The Wisden Cricketers of the Year are cricketers selected for the honour by the annual publication Wisden Cricketers' Almanack, based primarily on their "influence on the previous English season". The award began in 1889 with the naming of "Six Great Bowlers of the Year", and continued with the naming of "Nine Great Batsmen of the Year" in 1890 and "Five Great Wicket-Keepers" in 1891.
Since 1897, with a few notable exceptions, the annual award has recognised five players of the year. No players were named in 1916 or 1917, as the First World War prevented any first-class cricket being played in England, while in 1918 and 1919 the recipients were five schoolboy cricketers. From 1941 to 1946, the Second World War caused the same issue and no players were named. Three players have been sole recipients: W. G. Grace (1896), Plum Warner (1921) and Jack Hobbs (1926). The latter two selections are the only exceptions to the rule that a player may receive the award only once. Hobbs was first recognised in 1909, but was selected a second time in 1926 to honour his breaking W. G. Grace's record of 126 first-class hundreds; Warner was first honoured in 1904, but received a second award in 1921 for his last season in first-class cricket, when he led Middlesex to a County Championship win. John Wisden, cricketer and eponymous founder of the almanack, was featured in a special commemorative section in the Jubilee edition of the publication in 1913, 29 years posthumously.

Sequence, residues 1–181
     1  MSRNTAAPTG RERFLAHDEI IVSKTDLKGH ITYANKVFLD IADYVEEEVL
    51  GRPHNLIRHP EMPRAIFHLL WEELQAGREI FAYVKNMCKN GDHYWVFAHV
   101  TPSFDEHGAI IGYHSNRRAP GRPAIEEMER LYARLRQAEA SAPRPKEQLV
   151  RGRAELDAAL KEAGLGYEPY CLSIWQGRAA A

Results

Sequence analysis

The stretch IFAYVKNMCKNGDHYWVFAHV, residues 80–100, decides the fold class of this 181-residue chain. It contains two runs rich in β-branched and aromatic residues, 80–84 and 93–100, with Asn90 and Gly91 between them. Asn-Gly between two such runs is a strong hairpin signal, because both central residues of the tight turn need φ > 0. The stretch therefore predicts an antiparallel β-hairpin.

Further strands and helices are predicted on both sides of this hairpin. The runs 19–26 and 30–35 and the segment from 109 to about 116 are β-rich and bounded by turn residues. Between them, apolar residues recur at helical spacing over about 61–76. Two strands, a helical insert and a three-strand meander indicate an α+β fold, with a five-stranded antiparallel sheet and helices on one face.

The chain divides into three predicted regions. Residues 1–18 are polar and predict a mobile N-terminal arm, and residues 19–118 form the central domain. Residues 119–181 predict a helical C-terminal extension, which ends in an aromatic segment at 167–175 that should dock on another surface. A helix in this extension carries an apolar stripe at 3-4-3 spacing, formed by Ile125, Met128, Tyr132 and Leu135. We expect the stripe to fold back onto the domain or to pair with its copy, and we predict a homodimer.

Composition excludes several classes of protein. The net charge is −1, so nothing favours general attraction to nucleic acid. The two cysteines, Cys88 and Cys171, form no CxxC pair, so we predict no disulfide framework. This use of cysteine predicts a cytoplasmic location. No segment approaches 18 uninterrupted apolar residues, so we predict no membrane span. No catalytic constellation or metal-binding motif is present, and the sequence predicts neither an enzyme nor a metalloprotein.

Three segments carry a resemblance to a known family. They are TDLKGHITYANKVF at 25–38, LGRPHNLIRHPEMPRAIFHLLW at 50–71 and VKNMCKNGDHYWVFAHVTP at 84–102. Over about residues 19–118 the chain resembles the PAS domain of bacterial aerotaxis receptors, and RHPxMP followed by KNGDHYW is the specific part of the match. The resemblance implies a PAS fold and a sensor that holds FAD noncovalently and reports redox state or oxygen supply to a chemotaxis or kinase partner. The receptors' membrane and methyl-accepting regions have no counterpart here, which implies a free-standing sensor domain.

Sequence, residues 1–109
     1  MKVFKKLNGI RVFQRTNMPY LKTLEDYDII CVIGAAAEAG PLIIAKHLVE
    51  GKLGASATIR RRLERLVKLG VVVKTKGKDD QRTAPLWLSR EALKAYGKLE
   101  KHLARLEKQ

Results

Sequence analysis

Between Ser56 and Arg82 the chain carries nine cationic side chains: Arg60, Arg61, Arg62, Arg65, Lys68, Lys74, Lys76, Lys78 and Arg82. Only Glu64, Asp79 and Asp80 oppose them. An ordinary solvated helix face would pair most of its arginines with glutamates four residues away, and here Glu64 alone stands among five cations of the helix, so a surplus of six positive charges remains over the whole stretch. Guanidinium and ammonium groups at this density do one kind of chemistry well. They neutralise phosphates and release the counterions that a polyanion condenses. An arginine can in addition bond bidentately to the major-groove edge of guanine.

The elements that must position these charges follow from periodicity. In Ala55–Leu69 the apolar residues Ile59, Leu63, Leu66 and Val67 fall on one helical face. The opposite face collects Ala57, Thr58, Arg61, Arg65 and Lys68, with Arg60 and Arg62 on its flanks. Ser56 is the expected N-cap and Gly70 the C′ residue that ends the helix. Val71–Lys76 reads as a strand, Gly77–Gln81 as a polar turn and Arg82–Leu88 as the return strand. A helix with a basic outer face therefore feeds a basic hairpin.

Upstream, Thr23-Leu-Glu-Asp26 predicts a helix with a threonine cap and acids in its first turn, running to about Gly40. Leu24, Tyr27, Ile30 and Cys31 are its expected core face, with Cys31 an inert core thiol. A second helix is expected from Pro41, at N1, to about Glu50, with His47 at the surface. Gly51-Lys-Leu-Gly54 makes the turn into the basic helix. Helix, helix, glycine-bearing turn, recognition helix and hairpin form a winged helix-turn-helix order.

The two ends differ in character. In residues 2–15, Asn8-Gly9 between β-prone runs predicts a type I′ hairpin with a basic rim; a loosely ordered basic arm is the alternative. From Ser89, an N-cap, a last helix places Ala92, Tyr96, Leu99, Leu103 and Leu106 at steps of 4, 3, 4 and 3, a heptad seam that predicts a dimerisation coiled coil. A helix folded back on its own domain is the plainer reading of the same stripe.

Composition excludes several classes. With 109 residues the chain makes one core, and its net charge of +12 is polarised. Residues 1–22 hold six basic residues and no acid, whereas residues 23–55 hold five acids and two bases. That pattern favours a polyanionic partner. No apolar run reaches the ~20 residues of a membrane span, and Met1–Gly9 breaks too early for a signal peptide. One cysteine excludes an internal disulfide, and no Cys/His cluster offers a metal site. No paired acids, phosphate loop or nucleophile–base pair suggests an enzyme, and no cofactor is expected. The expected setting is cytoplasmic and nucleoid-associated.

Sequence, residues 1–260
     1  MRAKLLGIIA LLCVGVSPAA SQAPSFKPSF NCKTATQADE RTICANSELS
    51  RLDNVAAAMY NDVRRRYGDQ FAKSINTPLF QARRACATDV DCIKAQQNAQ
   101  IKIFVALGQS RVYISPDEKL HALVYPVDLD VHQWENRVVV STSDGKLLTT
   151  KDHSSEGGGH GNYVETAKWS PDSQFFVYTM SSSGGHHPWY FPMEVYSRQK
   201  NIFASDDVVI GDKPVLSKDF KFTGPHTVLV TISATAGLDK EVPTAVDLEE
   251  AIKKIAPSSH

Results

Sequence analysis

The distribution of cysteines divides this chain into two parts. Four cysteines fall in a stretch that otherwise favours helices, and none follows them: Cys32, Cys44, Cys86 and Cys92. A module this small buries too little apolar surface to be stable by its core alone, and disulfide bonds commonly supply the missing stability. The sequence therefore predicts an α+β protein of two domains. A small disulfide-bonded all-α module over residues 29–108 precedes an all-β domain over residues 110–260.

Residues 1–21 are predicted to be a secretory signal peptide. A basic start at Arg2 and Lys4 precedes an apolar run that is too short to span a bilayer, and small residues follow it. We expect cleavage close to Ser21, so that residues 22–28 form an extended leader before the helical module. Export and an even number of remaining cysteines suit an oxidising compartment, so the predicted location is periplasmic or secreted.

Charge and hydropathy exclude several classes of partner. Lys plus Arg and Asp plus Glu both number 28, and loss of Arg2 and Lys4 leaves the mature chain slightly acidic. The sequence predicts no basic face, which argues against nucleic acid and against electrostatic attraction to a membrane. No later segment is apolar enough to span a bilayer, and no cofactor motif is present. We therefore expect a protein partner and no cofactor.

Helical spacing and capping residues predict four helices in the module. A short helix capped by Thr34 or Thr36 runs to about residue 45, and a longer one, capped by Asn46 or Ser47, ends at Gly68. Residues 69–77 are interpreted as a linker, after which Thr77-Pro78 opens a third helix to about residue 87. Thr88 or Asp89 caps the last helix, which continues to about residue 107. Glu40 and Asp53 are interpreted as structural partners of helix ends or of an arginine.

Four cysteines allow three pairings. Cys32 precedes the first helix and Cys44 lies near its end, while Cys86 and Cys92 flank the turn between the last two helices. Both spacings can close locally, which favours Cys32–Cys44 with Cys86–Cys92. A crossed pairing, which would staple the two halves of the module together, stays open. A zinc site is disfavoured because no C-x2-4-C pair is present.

From 2000 to 2003 the award was made based on players' impact on cricket worldwide rather than just the preceding season in England, but the decision was reversed in 2004 with the introduction of a separate Wisden Leading Cricketer in the World award.
The earliest surviving recipient of the award is Sonny Ramadhin (1951), which he became in August 2015 with the death of Arthur Morris. The longest that a recipient has lived after receiving the award is 77 years by Harry Calder (1918), who died in 1995. Calder, however, uniquely for a recipient, played no first-class cricket. Among first-class players, the longest lived after receipt of the award is 74 years by Wilfred Rhodes (1899). Two women have been chosen: Claire Taylor (2009) and Charlotte Edwards (2014).